Nucks look bad, Carnegie Summit & NHL mixed public messages

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Dear Hockey of Tomorrow reader,

Welcome to this week’s edition of Hockey of Tomorrow, the newsletter keeping you informed of anything hockey + innovation + culture & social impact.

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On that note, enough dilly-dallying.

Here are the top stories this week:

  • Vancouver Canucks Fire Bruce Boudreau; Completely Mishandle the Process

  • Hundreds gather at Carnegie Summit Over the Weekend to Talk Hockey Diversity

  • Award-winning journalist Jemele Hill calls NHL "Gutless"

Canucks Completely Mishandle the Boudreau Firing: Bruce there it is!

Bruce Boudreau is officially out of a job following this past weekend's game against the Edmonton Oilers. The team is underachieving so it makes sense the 68-year-old bench boss would be out, but what nobody expected is how it was handled.

The president of the Canucks, Jim Rutherford, is a well-respected senior executive in the NHL that has won multiple Stanley Cup championships, and Boudreau has won it as a coach.

Why is it that executives for the team seem to let Boudreau’s dismissal become public information weeks in advance? It’s something the team shouldn’t have let happen.

It's just poor judgment. I mean look at the guy.

How does a coach coaching at such a high level continue to do his job without letting that affect him? Obviously, it would.

During the last couple of games, the crowd was chanting for him, and it hit a chord for Boudreau this past Saturday night when almost everyone in the hockey world knew it would be his last game with the team.

Boudreau is an excellent coach and more importantly has always been a class act. He deserved better.

Former player and long-time coach Rick Tocchet now takes over behind the bench.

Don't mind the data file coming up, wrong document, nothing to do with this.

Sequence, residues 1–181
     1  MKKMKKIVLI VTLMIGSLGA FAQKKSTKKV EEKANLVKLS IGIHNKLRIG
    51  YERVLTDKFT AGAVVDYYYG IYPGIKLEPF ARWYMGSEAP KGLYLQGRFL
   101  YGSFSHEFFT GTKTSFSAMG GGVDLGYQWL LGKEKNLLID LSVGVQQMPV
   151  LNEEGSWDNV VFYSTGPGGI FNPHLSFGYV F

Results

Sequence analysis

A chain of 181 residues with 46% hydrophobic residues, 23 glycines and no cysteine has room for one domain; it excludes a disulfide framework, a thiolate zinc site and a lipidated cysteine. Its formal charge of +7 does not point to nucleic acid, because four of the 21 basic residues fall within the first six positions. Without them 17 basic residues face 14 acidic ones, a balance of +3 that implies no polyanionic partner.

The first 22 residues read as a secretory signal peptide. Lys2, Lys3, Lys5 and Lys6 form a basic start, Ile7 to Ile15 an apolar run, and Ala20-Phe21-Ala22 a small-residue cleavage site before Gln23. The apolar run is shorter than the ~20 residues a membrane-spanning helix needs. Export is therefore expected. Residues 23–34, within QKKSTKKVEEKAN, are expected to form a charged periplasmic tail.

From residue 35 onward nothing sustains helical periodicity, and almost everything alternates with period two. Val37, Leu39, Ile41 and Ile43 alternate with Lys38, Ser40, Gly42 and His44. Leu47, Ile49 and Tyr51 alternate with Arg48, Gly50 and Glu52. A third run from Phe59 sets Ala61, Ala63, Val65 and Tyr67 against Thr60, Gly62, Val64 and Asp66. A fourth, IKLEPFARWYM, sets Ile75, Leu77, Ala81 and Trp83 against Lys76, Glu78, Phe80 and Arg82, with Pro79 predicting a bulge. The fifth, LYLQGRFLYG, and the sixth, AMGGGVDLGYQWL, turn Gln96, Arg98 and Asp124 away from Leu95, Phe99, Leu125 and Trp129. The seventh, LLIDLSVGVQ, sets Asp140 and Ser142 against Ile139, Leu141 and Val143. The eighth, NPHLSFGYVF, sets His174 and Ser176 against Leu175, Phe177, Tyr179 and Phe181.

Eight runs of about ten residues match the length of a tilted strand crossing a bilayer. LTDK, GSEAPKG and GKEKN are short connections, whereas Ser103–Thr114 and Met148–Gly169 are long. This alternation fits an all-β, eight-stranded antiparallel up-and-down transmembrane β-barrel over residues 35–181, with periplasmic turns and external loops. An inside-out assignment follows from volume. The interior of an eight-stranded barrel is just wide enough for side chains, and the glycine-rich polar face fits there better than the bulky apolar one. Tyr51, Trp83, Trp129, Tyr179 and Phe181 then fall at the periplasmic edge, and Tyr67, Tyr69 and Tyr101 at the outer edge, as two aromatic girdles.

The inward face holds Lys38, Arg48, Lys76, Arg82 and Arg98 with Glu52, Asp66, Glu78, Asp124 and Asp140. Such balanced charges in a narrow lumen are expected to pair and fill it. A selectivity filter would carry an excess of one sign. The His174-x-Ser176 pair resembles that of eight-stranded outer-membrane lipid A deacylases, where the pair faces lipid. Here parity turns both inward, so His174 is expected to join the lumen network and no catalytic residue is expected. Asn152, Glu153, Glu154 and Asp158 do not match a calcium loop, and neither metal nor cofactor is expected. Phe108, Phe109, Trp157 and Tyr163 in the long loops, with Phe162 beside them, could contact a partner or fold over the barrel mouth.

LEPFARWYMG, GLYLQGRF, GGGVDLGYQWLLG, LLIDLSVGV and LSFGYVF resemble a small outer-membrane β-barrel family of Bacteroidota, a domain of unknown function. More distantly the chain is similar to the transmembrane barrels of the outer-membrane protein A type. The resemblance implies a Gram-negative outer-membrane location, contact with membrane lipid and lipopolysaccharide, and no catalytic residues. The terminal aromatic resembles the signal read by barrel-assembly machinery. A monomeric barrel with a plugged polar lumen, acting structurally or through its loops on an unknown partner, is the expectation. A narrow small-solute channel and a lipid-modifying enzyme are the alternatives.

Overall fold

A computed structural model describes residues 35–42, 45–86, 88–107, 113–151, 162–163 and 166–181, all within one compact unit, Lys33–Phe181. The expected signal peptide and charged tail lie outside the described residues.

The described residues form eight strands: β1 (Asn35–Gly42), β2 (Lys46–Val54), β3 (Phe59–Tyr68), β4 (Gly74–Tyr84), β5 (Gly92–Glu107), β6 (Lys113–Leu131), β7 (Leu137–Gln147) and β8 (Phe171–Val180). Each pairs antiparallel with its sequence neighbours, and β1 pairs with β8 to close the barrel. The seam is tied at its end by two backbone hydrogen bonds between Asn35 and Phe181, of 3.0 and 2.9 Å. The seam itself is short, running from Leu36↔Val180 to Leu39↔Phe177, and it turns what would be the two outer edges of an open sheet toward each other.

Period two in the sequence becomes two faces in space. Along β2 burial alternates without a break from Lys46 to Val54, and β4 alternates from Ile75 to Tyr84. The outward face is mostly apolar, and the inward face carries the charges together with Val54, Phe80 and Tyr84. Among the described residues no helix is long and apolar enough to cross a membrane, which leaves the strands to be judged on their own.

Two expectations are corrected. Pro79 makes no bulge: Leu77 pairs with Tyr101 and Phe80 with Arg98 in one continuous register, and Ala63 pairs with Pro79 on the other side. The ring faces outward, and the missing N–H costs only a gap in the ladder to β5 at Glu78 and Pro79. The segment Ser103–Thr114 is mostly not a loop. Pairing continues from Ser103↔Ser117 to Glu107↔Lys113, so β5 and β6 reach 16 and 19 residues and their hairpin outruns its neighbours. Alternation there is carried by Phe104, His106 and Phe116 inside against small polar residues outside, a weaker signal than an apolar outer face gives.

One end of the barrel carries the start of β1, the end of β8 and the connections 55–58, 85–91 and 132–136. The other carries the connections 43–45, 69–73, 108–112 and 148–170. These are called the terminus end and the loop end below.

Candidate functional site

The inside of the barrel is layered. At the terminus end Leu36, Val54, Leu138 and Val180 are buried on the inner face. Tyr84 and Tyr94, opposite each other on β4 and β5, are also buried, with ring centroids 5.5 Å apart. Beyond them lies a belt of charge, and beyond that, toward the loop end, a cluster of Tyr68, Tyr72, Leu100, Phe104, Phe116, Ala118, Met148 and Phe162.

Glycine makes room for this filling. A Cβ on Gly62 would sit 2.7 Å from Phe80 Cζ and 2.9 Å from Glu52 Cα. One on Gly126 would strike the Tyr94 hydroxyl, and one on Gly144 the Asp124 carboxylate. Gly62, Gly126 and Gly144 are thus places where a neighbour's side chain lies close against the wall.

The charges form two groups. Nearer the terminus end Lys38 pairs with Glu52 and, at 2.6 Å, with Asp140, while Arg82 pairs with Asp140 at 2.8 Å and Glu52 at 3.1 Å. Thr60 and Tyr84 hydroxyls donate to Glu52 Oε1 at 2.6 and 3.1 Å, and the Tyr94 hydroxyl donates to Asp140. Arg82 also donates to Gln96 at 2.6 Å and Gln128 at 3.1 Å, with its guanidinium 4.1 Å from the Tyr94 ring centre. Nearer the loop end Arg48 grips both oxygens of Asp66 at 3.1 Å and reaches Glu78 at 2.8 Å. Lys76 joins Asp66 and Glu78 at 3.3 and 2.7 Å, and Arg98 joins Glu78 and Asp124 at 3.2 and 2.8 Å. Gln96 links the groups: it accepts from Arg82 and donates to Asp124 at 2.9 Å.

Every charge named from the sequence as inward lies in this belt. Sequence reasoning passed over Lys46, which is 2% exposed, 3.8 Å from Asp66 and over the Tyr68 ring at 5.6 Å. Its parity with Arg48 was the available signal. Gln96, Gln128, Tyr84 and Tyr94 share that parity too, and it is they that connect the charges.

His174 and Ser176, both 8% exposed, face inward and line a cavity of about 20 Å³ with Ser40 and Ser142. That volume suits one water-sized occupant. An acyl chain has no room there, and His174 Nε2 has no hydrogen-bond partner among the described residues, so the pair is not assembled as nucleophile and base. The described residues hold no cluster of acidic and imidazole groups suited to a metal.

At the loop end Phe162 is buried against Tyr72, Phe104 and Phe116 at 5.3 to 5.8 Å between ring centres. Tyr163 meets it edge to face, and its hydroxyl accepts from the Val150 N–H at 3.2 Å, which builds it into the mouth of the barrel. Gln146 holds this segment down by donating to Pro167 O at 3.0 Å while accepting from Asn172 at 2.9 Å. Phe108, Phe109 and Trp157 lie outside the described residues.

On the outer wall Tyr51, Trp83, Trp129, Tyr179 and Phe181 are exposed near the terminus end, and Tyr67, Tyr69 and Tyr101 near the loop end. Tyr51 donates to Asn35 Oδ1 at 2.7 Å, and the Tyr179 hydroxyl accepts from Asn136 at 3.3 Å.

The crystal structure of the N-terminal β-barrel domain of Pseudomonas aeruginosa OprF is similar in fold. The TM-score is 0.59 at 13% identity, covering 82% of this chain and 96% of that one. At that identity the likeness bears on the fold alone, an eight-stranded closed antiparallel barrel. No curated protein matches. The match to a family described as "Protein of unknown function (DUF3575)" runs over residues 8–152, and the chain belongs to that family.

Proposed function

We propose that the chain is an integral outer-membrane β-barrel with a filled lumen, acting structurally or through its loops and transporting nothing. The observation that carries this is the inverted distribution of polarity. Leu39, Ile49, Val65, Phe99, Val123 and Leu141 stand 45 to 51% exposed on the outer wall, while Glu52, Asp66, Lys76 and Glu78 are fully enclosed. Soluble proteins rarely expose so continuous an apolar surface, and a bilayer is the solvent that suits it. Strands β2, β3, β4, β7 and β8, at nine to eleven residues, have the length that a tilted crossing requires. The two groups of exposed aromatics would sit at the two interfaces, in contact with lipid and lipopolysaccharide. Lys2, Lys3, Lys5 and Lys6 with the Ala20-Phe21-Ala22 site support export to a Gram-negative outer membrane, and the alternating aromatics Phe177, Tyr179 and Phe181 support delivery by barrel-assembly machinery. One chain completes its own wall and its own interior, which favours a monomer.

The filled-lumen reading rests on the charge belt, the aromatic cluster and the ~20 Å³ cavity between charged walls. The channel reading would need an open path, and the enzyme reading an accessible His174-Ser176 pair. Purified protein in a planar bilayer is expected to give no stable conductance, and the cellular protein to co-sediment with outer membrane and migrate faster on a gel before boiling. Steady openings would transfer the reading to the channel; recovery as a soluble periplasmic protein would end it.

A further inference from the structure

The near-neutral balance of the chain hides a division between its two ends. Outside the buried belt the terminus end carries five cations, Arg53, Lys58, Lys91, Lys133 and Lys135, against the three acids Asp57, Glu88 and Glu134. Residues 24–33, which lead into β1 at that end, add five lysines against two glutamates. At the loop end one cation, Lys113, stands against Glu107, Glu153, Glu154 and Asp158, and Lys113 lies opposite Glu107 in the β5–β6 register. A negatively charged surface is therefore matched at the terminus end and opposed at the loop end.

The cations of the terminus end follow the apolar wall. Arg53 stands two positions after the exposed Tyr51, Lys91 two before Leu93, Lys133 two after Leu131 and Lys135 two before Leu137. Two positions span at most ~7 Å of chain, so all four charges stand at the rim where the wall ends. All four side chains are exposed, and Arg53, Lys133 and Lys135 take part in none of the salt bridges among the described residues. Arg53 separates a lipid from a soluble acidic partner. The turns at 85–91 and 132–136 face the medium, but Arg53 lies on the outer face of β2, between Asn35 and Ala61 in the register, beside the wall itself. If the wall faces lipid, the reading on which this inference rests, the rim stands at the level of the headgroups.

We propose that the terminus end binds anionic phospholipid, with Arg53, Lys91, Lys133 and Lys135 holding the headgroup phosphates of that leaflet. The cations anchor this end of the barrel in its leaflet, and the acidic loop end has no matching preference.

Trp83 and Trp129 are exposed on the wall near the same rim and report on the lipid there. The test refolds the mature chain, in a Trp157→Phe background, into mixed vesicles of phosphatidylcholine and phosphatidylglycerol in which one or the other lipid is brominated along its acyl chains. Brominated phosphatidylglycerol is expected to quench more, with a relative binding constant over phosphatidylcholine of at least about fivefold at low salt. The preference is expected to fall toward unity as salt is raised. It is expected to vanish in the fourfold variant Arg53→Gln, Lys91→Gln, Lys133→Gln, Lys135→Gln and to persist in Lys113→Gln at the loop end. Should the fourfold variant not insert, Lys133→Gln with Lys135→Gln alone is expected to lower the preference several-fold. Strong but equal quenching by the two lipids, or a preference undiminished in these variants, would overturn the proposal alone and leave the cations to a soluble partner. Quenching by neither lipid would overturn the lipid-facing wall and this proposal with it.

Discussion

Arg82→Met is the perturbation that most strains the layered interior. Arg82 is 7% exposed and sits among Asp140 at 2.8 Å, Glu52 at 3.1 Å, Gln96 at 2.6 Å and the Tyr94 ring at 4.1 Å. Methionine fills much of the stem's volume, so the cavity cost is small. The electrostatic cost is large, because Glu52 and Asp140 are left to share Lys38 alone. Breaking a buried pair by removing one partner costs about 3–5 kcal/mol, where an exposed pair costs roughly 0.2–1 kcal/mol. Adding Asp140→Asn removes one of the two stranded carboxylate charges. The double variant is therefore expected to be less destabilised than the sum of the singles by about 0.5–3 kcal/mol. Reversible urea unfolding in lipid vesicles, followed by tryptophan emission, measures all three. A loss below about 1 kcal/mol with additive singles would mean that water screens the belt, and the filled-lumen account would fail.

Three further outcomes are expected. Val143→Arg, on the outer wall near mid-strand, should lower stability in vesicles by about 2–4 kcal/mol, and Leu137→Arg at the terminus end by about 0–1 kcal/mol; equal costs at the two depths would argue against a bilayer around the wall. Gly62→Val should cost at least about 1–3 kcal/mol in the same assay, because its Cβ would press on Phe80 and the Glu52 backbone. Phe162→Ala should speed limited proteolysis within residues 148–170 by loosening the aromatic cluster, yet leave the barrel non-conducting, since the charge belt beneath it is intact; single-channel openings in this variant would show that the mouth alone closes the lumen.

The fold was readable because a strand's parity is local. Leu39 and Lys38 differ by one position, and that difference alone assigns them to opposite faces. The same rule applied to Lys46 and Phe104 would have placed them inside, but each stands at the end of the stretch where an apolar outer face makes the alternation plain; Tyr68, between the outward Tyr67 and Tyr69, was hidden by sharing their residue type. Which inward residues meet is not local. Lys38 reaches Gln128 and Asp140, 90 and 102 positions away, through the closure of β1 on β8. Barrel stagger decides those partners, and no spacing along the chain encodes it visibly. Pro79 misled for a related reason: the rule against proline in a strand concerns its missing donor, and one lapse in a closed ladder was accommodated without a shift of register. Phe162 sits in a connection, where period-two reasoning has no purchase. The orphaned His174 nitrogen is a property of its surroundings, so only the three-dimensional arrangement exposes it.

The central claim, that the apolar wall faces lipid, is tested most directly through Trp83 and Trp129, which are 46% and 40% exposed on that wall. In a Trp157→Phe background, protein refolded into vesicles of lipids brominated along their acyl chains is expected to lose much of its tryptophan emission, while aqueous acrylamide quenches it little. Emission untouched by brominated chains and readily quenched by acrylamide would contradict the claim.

Hundreds gather at Carnegie Summit Over the Weekend to Talk Hockey Diversity

Nearly 500 people from diverse backgrounds, including Black and white, Indigenous, men and women, gay and straight, and those with disabilities, gathered in Toronto over the weekend to promote change in hockey and advocate for inclusivity.

We were there covering the whole event, and WOW were we impressed.

We had one of our fantastic contributors, Danielle Bain, grill some of the executives in attendance.

Among the attendees were Hugh Fraser, the chairman of Hockey Canada, Kim Davis, an executive vice-president with the NHL, other hockey executives, former players, and many others who are working to improve the culture of the game and make it more inclusive.

The event was the second of its kind, following the first Carnegie Initiative for Inclusion and Acceptance in Hockey in Boston, which was attended by 175 people. The initiative was co-founded by Bernice Carnegie, whose father Herb was recently inducted into the Hockey Hall of Fame as a builder.

Herb Carnegie, a native of Toronto, was a prominent player in the top Ontario and Quebec leagues during the 1940s and 1950s. Despite his exceptional talent, many individuals, including Jean Béliveau of the Montreal Canadiens, believed that he was not given the chance to play in the NHL due to his race.

Prominent figures in the hockey world, such as Brian Burke, former NHL coach Ted Nolan, and Scott Howson, the president of the AHL, were in attendance to discuss the future of diversity in hockey.

Interesting to note: Joel Quenneville even popped by. Goes to show, change is happening, ever so slowly, but happening.

Award-winning journalist Jemele Hill calls NHL "Gutless" in her latest piece

Yikes. That's pretty rough. Renowned sports journalist Jemele Hill threw an axe at the NHL for the Desantis & Provorov debacles

What debacles? Well here's a summary of The Atlantic article crafted by Jemele, that you can access directly here.

  • The NHL launched and promoted a job fair in Florida to encourage more diversity & inclusiveness within the NHL employee pool.

  • This was crucial since by their own internal auditing, 83%+ of its workforce is white, and 62% of jobs are held by men.

  • Governor Desantis learned about this and pushed back, saying the NHL should make this job fair open to everyone.

  • The NHL changed course and rescinded it's initial approach.

  • In the other incident, the NHL organized a "Hockey is for Everyone" warm up event with the Flyers.

  • Provorov did not want to wear LGBTQ Pride Night warm-up jersey or use a rainbow-taped hockey stick.

  • The NHL released a statement saying players can choose which initiatives to support.

Inclusiveness is a fight that has its ups and downs, and every private organization can take any position it chooses.

But the fact remains that the biggest hockey league in the world has clearly tried to play both sides of the argument. And the general public is starting to see through the cracks.

The somewhat schizophrenic approach reveals a real internal battle the league is wagging, one that is making external parties from all sides feel... uneasy.

Hopefully, these PR blips will keep shaking the metaphorical cage.

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